Characterising the biodiversity
of Caribbean offshore seamounts to improve management
Funding: Darwin Plus award from the UK Department of Environment, Food and Rural Affairs
Coral reef systems are increasingly threatened by local and global impacts, including overfishing and climate change. While nearshore ecosystems are particularly vulnerable due to their proximity to humans, offshore seamounts are increasingly targeted for commercial and recreational fishing and may also suffer from rising ocean temperatures and ocean acidification. Seamount communities are closely related to oceanic islands and often act as important stepping stones connecting populations across broad geographic gradients.
In the Cayman Islands, two seamounts (12-Mile Bank and Pickle Bank) rise above the 30 m depth contour and likely serve as important refuges for diverse benthic communities. Yet, little is known about the composition and dynamics of these seamount communities, hindering effective management and conservation efforts.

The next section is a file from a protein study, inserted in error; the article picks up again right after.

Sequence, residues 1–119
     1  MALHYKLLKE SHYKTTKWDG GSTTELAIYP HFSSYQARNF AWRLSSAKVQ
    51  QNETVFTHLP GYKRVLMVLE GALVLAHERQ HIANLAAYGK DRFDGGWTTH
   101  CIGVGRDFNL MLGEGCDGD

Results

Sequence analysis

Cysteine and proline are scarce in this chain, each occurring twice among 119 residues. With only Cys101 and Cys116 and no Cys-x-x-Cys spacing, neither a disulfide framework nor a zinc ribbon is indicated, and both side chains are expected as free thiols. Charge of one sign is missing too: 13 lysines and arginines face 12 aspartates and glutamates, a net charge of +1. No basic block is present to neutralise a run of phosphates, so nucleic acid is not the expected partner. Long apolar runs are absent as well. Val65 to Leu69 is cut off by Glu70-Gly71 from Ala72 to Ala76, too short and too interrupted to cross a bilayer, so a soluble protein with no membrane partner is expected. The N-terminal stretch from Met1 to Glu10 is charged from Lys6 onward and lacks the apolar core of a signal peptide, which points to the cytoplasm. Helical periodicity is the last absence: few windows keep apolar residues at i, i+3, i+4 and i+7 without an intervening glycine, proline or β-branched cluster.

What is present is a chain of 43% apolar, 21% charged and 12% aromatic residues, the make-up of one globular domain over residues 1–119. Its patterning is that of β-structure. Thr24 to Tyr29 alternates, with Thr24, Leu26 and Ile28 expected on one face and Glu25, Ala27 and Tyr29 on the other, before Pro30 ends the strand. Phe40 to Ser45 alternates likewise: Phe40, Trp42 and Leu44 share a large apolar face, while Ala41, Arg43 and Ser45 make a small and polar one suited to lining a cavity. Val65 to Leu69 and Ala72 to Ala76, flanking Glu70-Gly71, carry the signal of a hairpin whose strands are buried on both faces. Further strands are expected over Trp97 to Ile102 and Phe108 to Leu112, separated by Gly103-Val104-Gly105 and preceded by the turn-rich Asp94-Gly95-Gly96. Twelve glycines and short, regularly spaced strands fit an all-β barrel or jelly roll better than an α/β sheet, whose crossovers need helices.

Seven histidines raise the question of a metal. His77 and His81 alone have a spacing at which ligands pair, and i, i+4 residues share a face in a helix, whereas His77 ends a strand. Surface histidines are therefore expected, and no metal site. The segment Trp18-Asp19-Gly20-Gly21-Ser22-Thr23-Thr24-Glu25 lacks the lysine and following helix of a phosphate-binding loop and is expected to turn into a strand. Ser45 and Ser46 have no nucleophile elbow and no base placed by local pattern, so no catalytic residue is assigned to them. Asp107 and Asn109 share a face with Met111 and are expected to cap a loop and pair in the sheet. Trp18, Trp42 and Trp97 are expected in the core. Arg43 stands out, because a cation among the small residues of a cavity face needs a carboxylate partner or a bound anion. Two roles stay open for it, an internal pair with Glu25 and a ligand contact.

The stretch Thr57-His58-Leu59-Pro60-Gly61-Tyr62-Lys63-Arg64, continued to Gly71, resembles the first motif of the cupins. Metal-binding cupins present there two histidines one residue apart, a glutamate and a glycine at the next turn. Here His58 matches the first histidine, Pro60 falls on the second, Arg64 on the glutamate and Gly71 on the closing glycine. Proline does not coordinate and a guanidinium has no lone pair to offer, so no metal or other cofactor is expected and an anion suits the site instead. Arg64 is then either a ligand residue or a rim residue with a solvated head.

In this project, we combine in situ surveys and photogrammetry using advanced diving technologies (e.g., closed-circuit rebreathers, application of mixed gases, etc.) with non-invasive molecular techniques (eDNA) to expand our characterization of offshore seamount benthic and pelagic communities.
- We are comparing habitat features, patterns of biodiversity, and genetic diversity of seamounts with those of nearby coral reefs of Grand and Little Cayman across depth to assess the unique characteristics and potential ecological connectivity between these systems.
These efforts will result in high-resolution imagery of the benthos and estimates of the abundance and diversity of key benthic and pelagic species. Understanding how these unique ecosystems function and maintain biodiversity and increasing public awareness of pressing threats will help guide future management strategies.